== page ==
As was held by the ECtHR in the case of Carson v UK [2010], when assessing whether a difference in treatment is discriminatory, the contracting state enjoys a margin of appreciation in assessing whether and to what extent differences in otherwise similar situations justify a different treatment. Reflecting upon this, the High Court surmised that the balance Parliament has to strike in this context is “between the interests of the foetus and the rights of women” [141].

Regarding the intensity of review to apply when conducting this balancing test, the Court acknowledged that the Claimants were entitled to observe that disability is potentially a “suspect” ground and therefore “very weighty reasons” would normally be required to justify a difference in treatment on the grounds of disability. Nevertheless, in R (SC) v Secretary of State for Work and Pensions [2021] UKSC 26, Lord Reed said at para [100] that a much less intensive review may be applied even in relation to some so-called “suspect” grounds where “other factors are present which render a strict approach inappropriate”.

In the High Court’s judgment, these considerations “are particularly apt in the present context, where a very difficult balance has to be struck by Parliament between the interests of the foetus and the rights of women. The judgement which Parliament has reached, in enacting section 1(1)(d) of the 1967 Act, falls within the margin afforded to Parliament.” [144]


This judgment reflects a High Court hamstrung by its procedural and constitutional limitations. From its frequent citation of the “Ullah” principle to its (justified) deference to Parliament’s democratic legitimacy, the Court is unambiguous in its reluctance to even query, never mind modify, the existing law. Without a legislative move to define the contours of a “serious handicap”, judicial intervention to protect from abortion those foetuses with Down’s Syndrome is not likely to be forthcoming.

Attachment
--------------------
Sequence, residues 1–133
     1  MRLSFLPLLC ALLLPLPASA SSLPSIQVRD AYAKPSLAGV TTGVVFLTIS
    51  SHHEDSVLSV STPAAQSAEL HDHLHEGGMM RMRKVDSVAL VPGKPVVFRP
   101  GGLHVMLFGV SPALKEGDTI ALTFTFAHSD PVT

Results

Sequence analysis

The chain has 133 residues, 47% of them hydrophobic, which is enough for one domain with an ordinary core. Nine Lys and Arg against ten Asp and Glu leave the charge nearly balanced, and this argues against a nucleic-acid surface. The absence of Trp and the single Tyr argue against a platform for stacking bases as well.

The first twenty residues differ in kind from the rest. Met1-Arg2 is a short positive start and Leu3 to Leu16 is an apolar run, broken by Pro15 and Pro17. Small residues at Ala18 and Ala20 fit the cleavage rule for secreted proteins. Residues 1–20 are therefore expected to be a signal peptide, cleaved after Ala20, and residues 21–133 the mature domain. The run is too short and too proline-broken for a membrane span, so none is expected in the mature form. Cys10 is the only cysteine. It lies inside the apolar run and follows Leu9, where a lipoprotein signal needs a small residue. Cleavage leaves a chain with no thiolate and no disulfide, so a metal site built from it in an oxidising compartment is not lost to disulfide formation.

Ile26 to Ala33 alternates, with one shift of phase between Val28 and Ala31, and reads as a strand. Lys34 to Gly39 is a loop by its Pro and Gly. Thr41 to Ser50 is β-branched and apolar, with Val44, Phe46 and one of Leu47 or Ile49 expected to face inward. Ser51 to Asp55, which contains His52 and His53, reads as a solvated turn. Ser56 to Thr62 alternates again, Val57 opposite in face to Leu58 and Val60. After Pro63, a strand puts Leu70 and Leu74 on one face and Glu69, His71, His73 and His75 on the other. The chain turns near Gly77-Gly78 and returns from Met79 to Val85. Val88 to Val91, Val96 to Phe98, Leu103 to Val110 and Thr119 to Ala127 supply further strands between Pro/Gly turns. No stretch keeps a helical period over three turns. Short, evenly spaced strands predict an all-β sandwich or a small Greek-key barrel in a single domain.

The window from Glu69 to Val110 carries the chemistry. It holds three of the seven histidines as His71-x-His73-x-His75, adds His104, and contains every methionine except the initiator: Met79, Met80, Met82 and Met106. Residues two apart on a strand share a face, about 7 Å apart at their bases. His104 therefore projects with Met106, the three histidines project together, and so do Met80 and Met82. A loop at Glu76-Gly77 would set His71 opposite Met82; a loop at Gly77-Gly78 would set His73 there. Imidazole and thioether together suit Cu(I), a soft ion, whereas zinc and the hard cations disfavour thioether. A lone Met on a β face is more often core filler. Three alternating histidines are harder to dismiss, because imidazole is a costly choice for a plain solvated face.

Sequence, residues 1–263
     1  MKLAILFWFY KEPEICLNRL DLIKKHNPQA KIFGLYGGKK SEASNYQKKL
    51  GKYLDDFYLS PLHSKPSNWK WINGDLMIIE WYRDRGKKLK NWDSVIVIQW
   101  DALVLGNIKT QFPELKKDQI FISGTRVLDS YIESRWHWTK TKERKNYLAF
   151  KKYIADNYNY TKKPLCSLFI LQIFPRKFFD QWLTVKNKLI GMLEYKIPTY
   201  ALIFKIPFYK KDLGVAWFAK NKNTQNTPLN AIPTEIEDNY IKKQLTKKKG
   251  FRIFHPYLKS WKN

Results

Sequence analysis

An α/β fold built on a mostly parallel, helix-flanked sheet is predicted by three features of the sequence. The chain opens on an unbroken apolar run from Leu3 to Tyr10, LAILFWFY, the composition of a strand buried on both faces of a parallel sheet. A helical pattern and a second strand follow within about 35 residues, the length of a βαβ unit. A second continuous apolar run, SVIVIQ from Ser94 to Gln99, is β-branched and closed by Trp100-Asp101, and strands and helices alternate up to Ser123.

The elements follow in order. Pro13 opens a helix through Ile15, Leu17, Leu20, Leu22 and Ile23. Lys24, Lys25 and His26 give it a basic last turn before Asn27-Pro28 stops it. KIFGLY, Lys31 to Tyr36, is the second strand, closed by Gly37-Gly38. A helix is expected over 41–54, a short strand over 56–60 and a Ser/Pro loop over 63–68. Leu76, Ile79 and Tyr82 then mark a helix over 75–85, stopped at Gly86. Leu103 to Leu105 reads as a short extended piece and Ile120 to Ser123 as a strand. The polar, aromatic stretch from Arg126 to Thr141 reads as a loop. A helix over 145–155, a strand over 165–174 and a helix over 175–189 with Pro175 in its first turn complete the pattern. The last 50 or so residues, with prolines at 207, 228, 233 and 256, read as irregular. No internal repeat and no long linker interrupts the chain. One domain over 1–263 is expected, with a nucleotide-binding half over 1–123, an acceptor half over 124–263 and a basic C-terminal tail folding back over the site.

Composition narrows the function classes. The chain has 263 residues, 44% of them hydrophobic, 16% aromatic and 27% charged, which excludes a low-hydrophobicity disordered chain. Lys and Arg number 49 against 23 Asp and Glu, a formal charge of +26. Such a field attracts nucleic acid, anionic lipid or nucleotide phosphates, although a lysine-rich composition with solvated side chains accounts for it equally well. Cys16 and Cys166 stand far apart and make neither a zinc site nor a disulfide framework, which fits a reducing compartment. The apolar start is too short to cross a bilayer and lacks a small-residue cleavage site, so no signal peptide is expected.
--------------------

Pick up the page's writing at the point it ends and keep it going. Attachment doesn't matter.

The other salient difficulty faced by the Claimants was their inability to cross what might be termed the “personhood threshold”. Without an authority from the European Court stating that a foetus might enjoy Convention rights in certain circumstances (such as post-viability), there appears to be no prospect for the English courts to fill that gap. Crucially, in absence of that foundation, the rights of the unborn remain in what David Dyzenhaus would call a “legal black hole”.

Somewhat disappointing, however, was the brevity of the Court’s ruling on the standard of review required when assessing the claim under Article 14. Notwithstanding the reference to Lord Reed’s ruling in R (SC) v SSWP, it would have been helpful if the Court elaborated on which “other factors” justified not applying the ordinary standard of review for a claim of disability discrimination. In the view of this author, it is not intuitively clear why a requirement for “very weighty reasons” is inconsistent with an assessment of the difficult balance to be struck between the rights of a mother and a foetus. Put alternatively, the level of deference afforded to national authorities surely ought to vary between a context of social security and one in which the lives of disabled persons are at stake.

Sapan Maini-Thompson is training to become a barrister specialising in criminal, public and human rights law. He tweets @SapanMaini

Welcome to the UKHRB

This blog is run by 1 Crown Office Row barristers' chambers. Subscribe for free updates here. The blog's editorial team is:
Commissioning Editor: Jonathan Metzer
Editorial Team: Rosalind English
Angus McCullough QC David Hart QC